There are problems in dating the sonatas that Boccherini wrote for celloand basso continuo, 34 of which survive. Mention is made in the Mercurede France of his performance of such a sonata in the Salle des Suisses ofthe Tuileries in Paris in 1768 and works published in his lifetime include aset of six sonatas issued in London about the year 1770. His style, however,does not appear to have changed vastly during his creative life.
The Sonata in A major, listed in the catalogue by theFrench musicologist Yves Gerard as G4, opens with a movement marked Allegromoderato, to which there is also an alternative version. Boccherini'ssonata movements show some flexibility and variety in form. This sonata, which,like its companions, makes some demands on the cellist, offers an opening themethat includes a characteristic broken-chord passage for the cello. The thematicmaterial is further developed, now with triplet rhythms, with secondarymaterial in the dominant key, the whole section then repeated. The second partof the movement makes reference to what has gone before, as it makes its wayback to the original key, offering the earlier material now in a varied form.
The decorated Adagio that follows, in the same key, moves forwardthrough expected modulation to a final virtuoso cadenza. The sonata ends with amovement marked, typically, Affettuoso. This movement is again in tworepeated sections, the second of which refers to the material of the first,offering, as before, a fuller return to the secondary material, now in the homekey.
Boccherini's Sonata in F minor was among a group of cellosonatas that were rediscovered in 1987. The first movement starts boldly,making full use of double-stopping in the principal theme, leading later to anaccompanying syncopated pattern of chords. The final returns of the main themeare ushered in by a brief recitative. The slow movement, marked Cantabile, offersan effective singing melody, followed by a lively fugal subject in acontrapuntal final Allegro that has elements of the Baroque in itsmusical idiom.
The Sonata in G major, G5, opens with cello chords thatreflect the direction at the head of the movement, Allegro militare. Thefirst section, interspersed with military elements in its primary and secondarymaterial, is followed by a section that touches on the key of G minor, beforethe return of the second theme, duly transposed to the key of the movement. Theslow movement, with its varied rhythmic patterns and melodic elaboration, leadsto a final Tempo di Minuetto in which the two repeated sections follow asimilar pattern to that of the first movement.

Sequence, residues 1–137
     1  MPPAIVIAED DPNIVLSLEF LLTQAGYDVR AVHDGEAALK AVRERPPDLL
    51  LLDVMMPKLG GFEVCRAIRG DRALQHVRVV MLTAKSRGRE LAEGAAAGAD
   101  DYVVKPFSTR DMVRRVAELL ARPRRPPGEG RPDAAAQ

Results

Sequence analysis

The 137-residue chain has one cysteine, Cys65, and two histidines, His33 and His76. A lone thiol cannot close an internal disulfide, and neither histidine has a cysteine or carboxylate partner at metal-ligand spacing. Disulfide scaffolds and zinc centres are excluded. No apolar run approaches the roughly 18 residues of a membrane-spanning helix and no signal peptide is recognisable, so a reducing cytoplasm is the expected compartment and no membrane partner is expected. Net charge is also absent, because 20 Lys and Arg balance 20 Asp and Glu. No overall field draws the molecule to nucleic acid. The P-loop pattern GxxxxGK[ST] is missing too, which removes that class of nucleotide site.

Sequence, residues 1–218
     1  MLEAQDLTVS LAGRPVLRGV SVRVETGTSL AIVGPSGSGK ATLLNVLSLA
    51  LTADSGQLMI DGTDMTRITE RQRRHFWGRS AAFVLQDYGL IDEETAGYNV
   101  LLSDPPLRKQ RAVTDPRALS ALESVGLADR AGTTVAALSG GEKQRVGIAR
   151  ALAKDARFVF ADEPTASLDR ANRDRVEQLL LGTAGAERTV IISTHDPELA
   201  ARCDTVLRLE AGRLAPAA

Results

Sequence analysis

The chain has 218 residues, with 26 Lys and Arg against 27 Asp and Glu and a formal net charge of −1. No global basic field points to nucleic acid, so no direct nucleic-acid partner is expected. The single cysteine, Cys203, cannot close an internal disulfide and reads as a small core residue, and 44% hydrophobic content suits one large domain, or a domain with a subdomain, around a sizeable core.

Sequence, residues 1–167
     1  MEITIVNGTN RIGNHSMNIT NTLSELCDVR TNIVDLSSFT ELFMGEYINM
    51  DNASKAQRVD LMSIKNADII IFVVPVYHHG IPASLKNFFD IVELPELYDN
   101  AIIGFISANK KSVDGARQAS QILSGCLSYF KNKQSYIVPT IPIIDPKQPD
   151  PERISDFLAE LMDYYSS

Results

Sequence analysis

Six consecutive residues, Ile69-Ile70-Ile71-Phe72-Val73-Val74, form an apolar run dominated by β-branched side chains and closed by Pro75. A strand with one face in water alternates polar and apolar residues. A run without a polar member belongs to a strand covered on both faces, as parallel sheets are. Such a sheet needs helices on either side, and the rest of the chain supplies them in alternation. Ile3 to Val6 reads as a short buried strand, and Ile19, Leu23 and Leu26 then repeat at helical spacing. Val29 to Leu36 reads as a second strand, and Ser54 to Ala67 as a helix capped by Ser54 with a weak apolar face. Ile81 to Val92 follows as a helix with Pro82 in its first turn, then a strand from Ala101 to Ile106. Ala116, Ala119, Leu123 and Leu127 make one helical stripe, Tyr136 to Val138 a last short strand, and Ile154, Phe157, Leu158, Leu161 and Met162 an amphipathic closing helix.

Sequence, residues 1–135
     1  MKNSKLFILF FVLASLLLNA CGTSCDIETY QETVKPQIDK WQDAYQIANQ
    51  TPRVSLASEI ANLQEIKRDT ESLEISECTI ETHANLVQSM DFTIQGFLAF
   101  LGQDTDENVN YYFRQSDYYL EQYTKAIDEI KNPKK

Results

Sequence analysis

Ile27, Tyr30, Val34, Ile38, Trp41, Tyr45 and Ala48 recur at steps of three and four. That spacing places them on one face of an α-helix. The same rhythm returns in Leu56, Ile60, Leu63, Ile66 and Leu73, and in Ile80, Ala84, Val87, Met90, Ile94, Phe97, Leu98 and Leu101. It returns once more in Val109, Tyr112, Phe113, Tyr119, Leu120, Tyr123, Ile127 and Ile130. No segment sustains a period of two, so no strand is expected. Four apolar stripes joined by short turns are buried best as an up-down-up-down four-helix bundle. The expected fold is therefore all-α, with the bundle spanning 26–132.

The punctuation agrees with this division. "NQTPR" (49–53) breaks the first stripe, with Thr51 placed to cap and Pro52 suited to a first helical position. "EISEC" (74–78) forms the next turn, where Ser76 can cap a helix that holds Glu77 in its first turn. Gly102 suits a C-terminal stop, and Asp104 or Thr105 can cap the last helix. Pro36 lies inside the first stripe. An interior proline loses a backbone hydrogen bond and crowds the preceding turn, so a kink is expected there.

There is an alternative slow movement to the Sonata in C minor,G2, which starts with forthright chords from the cello. The first themeleads to a second thematic element, ending the first section of the movement inthe key of E flat major. After a repetition of the first section, the cellocontinues with a transposed version of the opening, developed before the returnof the secondary theme. The slow movement follows a pattern similar to otherBoccherini Adagios. It is in two sections, the second initially echoingthe first, but in the key of E flat major, leading to a final C minor and asolo cadenza. The first repeated section of the closing Allegretto startswith a double-stopped theme that is heard again at the end of a second sectionthat opens with contrasted sustained chords.
The Sonata in C major, G17, again using principally thehigher register of the cello, soon moves forward to a modulating passage ofdouble-stopping. The second of the two repeated sections, using a wider rangeof the cello, moves through C minor to E flat major for a return to the openingt